A few times each year, the full moon steps into the earth’s shadow for a few hours, leaving lasting memories. Photo: Submitted

A few times each year, the full moon steps into the earth’s shadow for a few hours, leaving lasting memories. Photo: Submitted

Anticipating the magic of the lunar eclipse

The partial umbral eclipse begins at 11:18 p.m. on Nov 18, when the moon begins to enter the shadow

Nothing is more magical than viewing a lunar eclipse.

A few times each year, the full moon steps into the earth’s shadow for a few hours, leaving us with lasting memories.

Such an eclipse will take place on the night of Nov 18/19 with the Full Beaver Moon.

This one will be extra special and appear very close to a total eclipse.

Because of the geometry, the moon will be in the larger shadow of the earth except for a mere three per cent, leaving the edge in sunlight.

A lunar eclipse is very safe to enjoy.

Even though it is not officially proclaimed total, the lunar surface will still exhibit darkness and some colour as typically seen in a total event.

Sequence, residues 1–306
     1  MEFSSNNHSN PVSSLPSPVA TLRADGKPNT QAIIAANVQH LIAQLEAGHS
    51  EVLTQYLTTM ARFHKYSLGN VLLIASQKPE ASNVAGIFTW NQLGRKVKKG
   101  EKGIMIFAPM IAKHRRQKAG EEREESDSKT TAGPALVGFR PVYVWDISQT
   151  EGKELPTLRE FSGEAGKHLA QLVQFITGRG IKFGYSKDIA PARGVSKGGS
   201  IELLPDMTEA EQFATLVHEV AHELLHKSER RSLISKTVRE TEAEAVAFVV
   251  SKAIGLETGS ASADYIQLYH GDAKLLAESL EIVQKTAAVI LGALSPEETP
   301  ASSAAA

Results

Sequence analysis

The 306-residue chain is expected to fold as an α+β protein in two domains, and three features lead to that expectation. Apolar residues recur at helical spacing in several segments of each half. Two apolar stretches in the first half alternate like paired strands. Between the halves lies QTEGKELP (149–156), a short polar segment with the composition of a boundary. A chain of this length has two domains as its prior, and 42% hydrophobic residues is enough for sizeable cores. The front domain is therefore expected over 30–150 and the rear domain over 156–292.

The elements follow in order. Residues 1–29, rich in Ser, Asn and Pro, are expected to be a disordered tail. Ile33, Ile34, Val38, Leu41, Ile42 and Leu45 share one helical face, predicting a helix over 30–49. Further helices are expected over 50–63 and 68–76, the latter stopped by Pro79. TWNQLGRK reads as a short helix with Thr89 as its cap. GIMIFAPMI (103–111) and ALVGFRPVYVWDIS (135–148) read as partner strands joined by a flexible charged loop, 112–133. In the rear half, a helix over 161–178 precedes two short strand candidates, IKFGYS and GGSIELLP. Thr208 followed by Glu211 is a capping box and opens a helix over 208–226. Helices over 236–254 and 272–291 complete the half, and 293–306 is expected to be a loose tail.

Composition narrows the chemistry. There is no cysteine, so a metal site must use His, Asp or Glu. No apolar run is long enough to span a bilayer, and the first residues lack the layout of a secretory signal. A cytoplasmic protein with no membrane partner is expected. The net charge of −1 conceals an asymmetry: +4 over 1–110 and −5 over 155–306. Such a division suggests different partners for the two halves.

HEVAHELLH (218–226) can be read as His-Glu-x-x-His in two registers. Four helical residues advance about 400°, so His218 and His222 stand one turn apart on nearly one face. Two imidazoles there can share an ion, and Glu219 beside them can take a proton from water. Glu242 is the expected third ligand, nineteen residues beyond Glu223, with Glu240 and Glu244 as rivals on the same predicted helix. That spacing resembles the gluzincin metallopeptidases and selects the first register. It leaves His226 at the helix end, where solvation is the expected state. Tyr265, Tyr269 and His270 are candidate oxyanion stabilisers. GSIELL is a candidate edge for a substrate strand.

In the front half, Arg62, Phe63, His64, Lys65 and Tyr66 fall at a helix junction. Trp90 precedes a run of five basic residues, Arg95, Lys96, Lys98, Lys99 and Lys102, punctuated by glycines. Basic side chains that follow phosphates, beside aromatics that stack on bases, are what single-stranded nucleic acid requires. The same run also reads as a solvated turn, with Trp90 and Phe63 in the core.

People commonly referred to this type of eclipse as a “blood moon.”

If you were on the moon at the centre of the shadow during the mid-point of this eclipse, you would see an orange ring around the earth.

From this vantage point, you would see sunlight refracting through our atmosphere, witnessing every sunset on the left side of the earth along with every sunrise on the right side at the same time.

For astrophotographers, the moon will be located amongst the bright winter constellations of Orion the Hunter, Taurus the Bull and now too far from the Pleiades star cluster.

The only drawback is its late hour.

Pacific Time

The partial umbral eclipse begins at 11:18 p.m. (Nov 18) The moon begins to enter the shadow.

Greatest eclipse: 1:02 a.m. (Nov 19) Moon will be 97 per cent covered.

The partial umbral eclipse ends at 2:47 a.m. (Nov 19) The moon completely exits the shadow.

Until next time, clear skies.

Known as “The Backyard Astronomer,” Gary Boyle is an astronomy educator, guest speaker and monthly columnist for the Royal Astronomical Society of Canada. Follow him on Twitter: @astroeducator or his website: www.wondersofastronomy.com

Astronomy